Nicole Eva Fraser
Nicole Eva Fraser (Cleveland, OH)
Author of The Hardest Thing in This World
- How the “Voice of a Greeting Card” Became a Fiction Writer: A behind the scenes look
- The Hardest Thing: A novel about mental illness and how it affects the whole family
- Fiction Therapy: How reading a relatable story can be a therapeutic method of dealing with family illness
- Ghosts of the Past (and Present): How the author’s Micmac heritage sparked her interest in the tribe’s history and cosmology, which is interwoven into the story
- The author volunteers as an adult-literacy activist in Cleveland, Tanzania, and Malawi
For nearly two decades, Nicole Eva Fraser has been writing for a major greeting card company in the Midwest. She sheds the “get wells” and “thank yous” to plunge into a darker world in her first novel, The Hardest Thing in This World.
Set in the suburbs of Cleveland, The Hardest Thing in This World tells the story of Melody Sawyer and her daughters Renee and Kayla, following them through birth, coming-of-age and dealing with the death—and ghosts—of loved ones. Nicole interweaves her Micmac Indian heritage and cosmology into the story, which revolves the issues that come with living in a family with mental illness and the never-ending search for hope and meaning in the things that hurt.
Nicole holds her MFA in creative writing from the Northeast Ohio Master of Fine Arts consortium. She graduated summa cum laude from Baldwin-Wallace College with a double major in English and communications. In 2014, she is releasing another work of contemporary literary fiction, I Don’t Think It’s That Simple, and a nonfiction book, GPS for Writers: A guidebook to navigating the 5 routes to getting your novel published.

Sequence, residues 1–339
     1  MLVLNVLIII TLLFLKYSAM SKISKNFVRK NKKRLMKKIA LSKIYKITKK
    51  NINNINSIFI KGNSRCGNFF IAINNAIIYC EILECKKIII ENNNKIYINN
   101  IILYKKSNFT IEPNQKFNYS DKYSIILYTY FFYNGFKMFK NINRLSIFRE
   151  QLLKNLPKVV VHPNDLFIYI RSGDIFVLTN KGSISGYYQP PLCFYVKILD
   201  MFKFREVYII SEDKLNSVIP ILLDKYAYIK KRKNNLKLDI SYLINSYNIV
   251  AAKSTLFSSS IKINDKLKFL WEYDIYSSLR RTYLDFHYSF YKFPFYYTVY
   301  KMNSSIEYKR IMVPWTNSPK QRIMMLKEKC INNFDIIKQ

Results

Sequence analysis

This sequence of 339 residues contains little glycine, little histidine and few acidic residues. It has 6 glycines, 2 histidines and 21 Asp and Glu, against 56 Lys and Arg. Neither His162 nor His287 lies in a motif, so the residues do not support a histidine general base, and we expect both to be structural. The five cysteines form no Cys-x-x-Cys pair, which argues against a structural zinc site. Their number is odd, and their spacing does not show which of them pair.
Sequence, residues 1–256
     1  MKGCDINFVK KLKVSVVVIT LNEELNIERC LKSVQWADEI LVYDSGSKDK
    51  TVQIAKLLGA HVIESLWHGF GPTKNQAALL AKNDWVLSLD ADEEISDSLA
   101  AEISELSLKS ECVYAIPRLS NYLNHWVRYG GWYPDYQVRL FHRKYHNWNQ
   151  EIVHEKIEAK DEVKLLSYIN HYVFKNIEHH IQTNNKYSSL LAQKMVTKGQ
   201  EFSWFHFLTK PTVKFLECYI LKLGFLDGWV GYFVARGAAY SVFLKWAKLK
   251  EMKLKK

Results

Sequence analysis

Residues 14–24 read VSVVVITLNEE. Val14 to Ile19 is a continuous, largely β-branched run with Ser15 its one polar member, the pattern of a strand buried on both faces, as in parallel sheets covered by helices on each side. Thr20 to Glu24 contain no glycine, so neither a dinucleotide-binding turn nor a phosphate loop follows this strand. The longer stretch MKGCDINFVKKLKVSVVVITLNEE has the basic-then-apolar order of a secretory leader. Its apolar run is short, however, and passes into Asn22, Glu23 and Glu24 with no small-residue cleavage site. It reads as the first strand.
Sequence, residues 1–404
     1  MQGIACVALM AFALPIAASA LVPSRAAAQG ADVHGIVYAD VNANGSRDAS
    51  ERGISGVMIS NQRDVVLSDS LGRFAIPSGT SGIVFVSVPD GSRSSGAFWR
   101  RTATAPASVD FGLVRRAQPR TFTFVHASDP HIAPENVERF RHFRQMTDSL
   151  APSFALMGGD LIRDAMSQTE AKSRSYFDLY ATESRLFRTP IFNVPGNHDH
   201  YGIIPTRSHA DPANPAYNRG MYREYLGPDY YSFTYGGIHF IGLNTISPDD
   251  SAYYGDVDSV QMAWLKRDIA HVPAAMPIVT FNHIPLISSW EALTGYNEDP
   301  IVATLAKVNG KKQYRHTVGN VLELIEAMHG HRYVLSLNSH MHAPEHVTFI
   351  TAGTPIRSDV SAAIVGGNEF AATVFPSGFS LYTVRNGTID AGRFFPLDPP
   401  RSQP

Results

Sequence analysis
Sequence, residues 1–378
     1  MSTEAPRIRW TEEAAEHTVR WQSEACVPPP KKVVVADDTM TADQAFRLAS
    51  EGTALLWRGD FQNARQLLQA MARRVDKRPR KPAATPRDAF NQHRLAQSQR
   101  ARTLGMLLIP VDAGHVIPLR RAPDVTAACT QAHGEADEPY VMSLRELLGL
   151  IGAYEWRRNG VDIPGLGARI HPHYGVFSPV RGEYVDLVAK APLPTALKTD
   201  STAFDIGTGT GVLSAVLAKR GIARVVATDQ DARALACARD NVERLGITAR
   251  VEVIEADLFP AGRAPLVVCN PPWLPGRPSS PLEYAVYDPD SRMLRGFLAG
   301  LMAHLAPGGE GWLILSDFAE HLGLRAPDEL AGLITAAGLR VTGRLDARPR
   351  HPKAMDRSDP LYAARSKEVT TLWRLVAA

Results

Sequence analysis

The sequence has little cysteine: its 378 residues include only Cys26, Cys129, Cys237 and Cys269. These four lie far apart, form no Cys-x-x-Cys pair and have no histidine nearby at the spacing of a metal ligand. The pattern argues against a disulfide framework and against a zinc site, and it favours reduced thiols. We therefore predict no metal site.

Nicole is an adult-literacy activist in Cleveland, Tanzania, and Malawi. Since 2005, she has been active as a volunteer tutor, fundraiser, and board member for Project Learn, Cleveland’s largest organization for adult literacy. In 2009, she led the effort to bring StoryCorps, one of the largest oral history projects of its kind, to Cleveland to record the stories of Project Learn’s students, staff, and founders. Nicole also volunteers in Tanzania and Malawi, where she supports three college students through their education. She first traveled to East Africa in 2009, as the blogger for the 6th Pan-African Reading for All Conference.
Nicole is a student of Micmac Indian culture because of her heritage. Her maternal family emigrated from Scotland, marrying into the Micmac tribe of Nova Scotia. A Boston native, Nicole lives in Cleveland with her husband, children, and animals.